Raija Jokinen

Raija Jokinen is a textile artist from Finland. Alot of her work uses fibre and is based on and references the body and ‘the borderlines of physical and immaterial feelings’.

I discovered her work through various searches within Pinterest and was really interested in a body of work where she uses paper and paper yarn in intriguing ways. Seemingly unstructured wrapping and weaving painted in a nieve way.

I really like the rawness of these pieces and the simple unstructured nature of them. They seem to be simply woven in on themselves rather than using a particular formal technique. The use of paper yarn has similarities to some of my pieces in my major project but also I feel some of the essence of them can be carried through to my work.



Having visited several museums to view human remains and the way it is displayed, I have become more and more fascinated by the science behind bone analysis ‘Osteology‘.

What has become apparent, and references to my own recent work for item 5 around remnants and hidden memory, is that human bones contain within them some of the story of life of the person. A lot can be discovered from careful examination of human remains, and not just height and sex. Often the cause of death, type of diet, population characteristics, personal idiosyncracies, dietary behaviour etc can all be discovered.

This built in memory / history is a perfect continuation of my exploration around death and memory.

Life, Death and that moment in between – James Duck

I have discovered a piece of work by James Duck that really excited me! His piece ‘Life, Death and that moment in between’ is a very clever visualization of our fragile existence and an exploration of that brief moment between life and death.

He placed a series of hand made ceramic pieces into a vending machine and asked viewers to ‘purchase’ an item. As each one is dispensed by the machine it is smashed, rendering it useless.

This piece of work also explores contemporary consumption.


Ai Wei Wei – Remains

Remains is a new piece of work by Ai Wei Wei created for his current exhibition at The Royal Academy.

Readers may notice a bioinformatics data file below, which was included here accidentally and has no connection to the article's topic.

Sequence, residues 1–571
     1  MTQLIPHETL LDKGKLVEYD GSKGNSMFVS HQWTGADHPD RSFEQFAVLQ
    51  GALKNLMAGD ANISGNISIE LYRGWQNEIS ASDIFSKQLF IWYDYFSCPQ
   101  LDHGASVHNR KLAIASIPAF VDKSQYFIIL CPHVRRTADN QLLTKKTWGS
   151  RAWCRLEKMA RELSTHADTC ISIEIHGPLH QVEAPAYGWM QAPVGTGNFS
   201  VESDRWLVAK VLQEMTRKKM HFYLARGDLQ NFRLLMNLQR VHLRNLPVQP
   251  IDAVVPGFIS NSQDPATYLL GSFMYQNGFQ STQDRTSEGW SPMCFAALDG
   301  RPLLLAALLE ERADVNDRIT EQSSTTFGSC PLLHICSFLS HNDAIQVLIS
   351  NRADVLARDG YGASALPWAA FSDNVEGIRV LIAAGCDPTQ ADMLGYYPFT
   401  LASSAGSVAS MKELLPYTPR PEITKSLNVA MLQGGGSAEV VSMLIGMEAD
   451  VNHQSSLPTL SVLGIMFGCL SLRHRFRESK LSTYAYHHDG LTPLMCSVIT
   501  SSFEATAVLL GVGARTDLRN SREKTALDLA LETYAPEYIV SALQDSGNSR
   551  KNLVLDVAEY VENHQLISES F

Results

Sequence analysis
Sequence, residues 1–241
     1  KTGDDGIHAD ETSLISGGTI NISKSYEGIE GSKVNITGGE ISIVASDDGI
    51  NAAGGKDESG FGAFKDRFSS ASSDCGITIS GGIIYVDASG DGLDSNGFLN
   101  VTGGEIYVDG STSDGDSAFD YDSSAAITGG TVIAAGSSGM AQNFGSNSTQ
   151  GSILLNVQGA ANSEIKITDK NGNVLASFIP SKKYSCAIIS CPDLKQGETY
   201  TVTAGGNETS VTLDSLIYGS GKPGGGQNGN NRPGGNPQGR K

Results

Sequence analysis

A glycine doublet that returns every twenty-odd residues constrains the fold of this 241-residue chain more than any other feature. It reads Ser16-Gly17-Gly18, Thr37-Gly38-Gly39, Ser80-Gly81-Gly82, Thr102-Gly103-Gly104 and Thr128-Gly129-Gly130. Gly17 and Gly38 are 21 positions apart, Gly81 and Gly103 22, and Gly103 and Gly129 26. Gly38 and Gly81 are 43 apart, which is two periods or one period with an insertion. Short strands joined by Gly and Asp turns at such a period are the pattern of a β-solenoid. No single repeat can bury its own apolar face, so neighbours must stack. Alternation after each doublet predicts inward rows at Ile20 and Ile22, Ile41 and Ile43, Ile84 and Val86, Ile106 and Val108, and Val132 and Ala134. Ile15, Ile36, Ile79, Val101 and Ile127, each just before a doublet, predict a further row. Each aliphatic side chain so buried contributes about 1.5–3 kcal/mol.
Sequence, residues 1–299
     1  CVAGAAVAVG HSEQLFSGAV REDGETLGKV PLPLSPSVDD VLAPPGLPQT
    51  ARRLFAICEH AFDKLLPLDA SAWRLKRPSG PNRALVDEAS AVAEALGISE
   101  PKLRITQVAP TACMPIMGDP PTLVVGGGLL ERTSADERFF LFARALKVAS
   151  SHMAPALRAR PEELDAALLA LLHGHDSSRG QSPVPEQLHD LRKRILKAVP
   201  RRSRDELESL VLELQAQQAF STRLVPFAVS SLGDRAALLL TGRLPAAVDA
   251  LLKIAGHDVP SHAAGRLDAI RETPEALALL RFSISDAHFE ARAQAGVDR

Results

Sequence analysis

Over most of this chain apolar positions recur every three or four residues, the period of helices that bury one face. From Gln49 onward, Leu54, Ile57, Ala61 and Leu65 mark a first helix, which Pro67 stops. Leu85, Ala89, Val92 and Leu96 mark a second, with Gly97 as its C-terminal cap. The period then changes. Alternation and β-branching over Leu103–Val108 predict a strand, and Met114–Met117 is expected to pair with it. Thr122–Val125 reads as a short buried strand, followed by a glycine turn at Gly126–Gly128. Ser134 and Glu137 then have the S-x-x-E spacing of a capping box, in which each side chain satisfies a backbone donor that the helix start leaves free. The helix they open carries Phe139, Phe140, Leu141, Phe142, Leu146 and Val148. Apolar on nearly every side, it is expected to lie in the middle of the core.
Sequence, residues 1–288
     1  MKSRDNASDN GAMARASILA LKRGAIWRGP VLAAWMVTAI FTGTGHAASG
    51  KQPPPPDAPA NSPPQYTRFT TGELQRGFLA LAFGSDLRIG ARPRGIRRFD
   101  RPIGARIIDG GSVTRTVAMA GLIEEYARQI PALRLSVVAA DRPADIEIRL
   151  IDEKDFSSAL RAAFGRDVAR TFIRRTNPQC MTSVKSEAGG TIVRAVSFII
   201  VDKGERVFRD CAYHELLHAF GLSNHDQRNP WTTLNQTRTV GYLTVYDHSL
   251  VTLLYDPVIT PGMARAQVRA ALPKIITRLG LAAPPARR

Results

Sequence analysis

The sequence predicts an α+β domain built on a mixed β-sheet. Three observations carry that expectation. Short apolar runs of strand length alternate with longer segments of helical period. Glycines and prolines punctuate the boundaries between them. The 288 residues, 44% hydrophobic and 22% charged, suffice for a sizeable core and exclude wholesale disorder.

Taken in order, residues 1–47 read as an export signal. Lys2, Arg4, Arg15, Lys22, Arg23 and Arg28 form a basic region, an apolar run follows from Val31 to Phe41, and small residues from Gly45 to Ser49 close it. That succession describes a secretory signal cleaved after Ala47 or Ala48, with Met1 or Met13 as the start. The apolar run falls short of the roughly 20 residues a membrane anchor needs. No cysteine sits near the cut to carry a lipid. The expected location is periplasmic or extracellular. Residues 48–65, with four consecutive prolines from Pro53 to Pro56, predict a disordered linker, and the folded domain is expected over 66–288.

This piece of work has come about after Ai was given a set of bones excavated from a clandestine archeological dig of a known mao labour camp where chinese radical intellectuals had been held (similar to Ai’s own father). Ai Wei Wei has had these bones recreated meticulously in porcelain, a material highly prized by the chinese.

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Grave goods

After my visit to the death exhibition in Prague, I have been considering the relation of grave goods to the work I have been doing with item 5 of my main project.

Clay vessels were often left in graves and thought to contain food for the journey into the afterlife.


Another interesting aspect is that because of the time and age of the graves the vessels are often broken.

In museums to display these they are often pieced together to give an idea of the original form.

I have started to reconsider the vessels that broke during the firing process.


Charles Baudelaire – A Carrion

A Carrion By Charles Baudelaire Translated By — Geoffrey Wagner, Selected Poems of Charles Baudelaire (NY: Grove Press, 1974)

A Carrion

Do you remember the thing we saw, my soul,
That summer morning, so beautiful, so soft:
At a turning in the path, a filthy carrion,
On a bed sown with stones,

Legs in the air, like a lascivious woman,
Burning and sweating poisons,
Opened carelessly, cynically,
Its great fetid belly.

The sun shone on this fester,
As though to cook it to a turn,
And to return a hundredfold to great Nature
What she had joined in one;

And the sky saw the superb carcass
Open like a flower.
The stench was so strong, that you might think
To swoon away upon the grass.

The flies swarmed on that rotten belly,
Whence came out black battalions
Of spawn, flowing like a thick liquid
Along its living tatters.

All this rose and fell like a wave,
Or rustled in jerks;
One would have said that the body, fun of a loose breath,
Lived in this its procreation.

And this world gave out a strange music,
Like flowing water and wind,
Or a winnower’s grain that he shakes and turns
With rhythmical grace in his basket.

The forms fade and are no more than a dream,
A sketch slow to come
On the forgotten canvas, and that the artist completes
Only by memory.

Behind the boulders an anxious bitch
Watched us with angry eyes,
Spying the moment to regain in the skeleton
The morsel she had dropped.

— And yet you will be like this excrement,
This horrible stench,
O star of my eyes, sun of my being,
You, my angel, my passion.

Yes, such you will be, queen of gracefulness,
After the last sacraments,
When you go beneath the grasses and fat flowers,
Moldering amongst the bones.

Then, my beauty, say to the vermin
Which will eat you with kisses,
That I have kept the shape and the divine substance
Of my decomposed loves!